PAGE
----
When my sister gave birth to her son almost 2 years ago and held him in her arms for the first time, I’m sure she felt that she had done something astounding. But when news reached me that my first nephew had been born, despite my elation for my sister and her budding family, I had quite the opposite feeling. All my life I’ve wanted to be something amazing, something beyond normal. I’ve always had grandiose visions of Steven, boy genius, or Mind Reader Balasta, or Dr. Balasta, the Mad Scientist. I wanted to be someone that left a good impression on the world, that improved the lives of everyone around him. I just wanted to be important.
Yet by the time my nephew was born, I felt that I had accomplished nothing. No longer was I eligible for the title of boy genius, and the prospects of developing some sort of superhuman power seemed pretty darn slim. When I looked back on my life, all I saw was some good grades, a less-impressive-than-it-sounds stint at NASA, a few well earned first places in Odyssey of the Mind, and perhaps my proudest achievement of all, a few smiles on the faces of strangers. Here I am, in all of my glory: a fairly intelligent, pretty creative young man with a somewhat charming demeanor, a prime candidate for a slightly better than average life. Where was the boy genius, inventor of anti-gravity at age 14? Where was the budding Dr. Balasta, just steps away from finishing his thesis on a cure for cancer? Dreams, I realized, they died as dreams.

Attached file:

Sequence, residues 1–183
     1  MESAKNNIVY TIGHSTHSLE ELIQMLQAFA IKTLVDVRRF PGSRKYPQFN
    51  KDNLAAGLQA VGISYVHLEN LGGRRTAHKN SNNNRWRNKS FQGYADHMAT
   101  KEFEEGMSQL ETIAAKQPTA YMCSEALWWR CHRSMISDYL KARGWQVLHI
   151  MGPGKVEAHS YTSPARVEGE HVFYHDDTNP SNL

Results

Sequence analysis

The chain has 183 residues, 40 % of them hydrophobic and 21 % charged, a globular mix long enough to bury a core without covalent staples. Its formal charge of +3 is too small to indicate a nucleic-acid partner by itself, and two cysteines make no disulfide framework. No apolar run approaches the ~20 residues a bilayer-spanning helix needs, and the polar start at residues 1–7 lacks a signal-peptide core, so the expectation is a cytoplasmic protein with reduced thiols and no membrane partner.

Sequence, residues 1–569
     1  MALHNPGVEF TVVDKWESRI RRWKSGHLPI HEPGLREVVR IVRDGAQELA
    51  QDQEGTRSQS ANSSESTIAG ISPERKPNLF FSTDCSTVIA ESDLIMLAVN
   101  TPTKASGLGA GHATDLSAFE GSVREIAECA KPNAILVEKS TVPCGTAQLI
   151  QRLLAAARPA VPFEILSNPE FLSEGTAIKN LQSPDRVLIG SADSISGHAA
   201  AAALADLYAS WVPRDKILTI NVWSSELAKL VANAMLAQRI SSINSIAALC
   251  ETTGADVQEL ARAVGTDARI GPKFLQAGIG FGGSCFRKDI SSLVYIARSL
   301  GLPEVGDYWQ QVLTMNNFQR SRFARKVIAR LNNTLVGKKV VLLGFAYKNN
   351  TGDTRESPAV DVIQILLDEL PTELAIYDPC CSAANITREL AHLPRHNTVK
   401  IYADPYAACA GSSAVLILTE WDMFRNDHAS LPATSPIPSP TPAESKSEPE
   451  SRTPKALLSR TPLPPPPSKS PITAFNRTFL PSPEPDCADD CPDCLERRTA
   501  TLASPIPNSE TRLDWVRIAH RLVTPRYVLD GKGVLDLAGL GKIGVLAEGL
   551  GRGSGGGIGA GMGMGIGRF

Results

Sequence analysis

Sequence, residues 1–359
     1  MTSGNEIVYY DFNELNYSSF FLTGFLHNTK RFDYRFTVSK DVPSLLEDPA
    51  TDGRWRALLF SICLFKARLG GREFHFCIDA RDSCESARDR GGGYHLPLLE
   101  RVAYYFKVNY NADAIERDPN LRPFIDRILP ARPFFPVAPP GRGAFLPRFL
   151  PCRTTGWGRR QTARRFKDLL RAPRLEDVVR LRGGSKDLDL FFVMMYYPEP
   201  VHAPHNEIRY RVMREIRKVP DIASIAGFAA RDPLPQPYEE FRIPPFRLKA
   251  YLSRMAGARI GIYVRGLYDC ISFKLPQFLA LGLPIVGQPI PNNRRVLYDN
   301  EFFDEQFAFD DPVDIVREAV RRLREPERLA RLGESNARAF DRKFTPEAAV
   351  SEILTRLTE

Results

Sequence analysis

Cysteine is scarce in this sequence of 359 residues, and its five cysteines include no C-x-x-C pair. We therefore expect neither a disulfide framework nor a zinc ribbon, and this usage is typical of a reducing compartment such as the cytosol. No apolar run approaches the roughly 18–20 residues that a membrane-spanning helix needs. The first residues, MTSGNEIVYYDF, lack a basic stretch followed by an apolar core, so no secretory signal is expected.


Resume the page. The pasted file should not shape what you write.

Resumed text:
One might read this and think that I’m being too harsh on myself, that no one would ever expect me to be that great. But I’ve always wanted to be the one who defies expectations. I’ve always wanted to be the anomaly, the one that no one expected. Yet as I grow older, the more I realize that I am exactly as expected, nothing more, nothing less. This troubles me greatly.
And here I am, almost 2 years since this rather depressing moment in my life, no closer to becoming something great than I was previously. I’ve tacked on another major since then, making me rather unique in my double major in Chemistry and Philosophy, but still mostly unimpressive. I’m in my final year of college, with no concrete plan, no goal to strive for. I guess you could say that I’ve been stuck in a rut for a few years now. One might even say that I’ve been in a rut my entire life.
For me, this year is perhaps my last chance to climb out of the hole that I’ve been digging since the day of my nephew’s birth. I’ve spent quite a bit of this past summer lamenting to myself and to others about my predicament, but I’m sick of feeling sorry for myself. I’ve got a few new skills, a renewed drive, and an old dream come back from the dead. This blog is the first step to a future untold and unplanned, the first hand out of the hole. I want to show the world that I can be more than an expectation. I do not want to be a writer or a photographer or a scientist or a philosopher: I want to be all of these! I want to become the man of a new age that I wrote of, someone who will pave the way for a brighter future. The boy genius, the superhuman, and the great doctor died as dreams, but Steven Balasta is still alive and well. And this is all I need.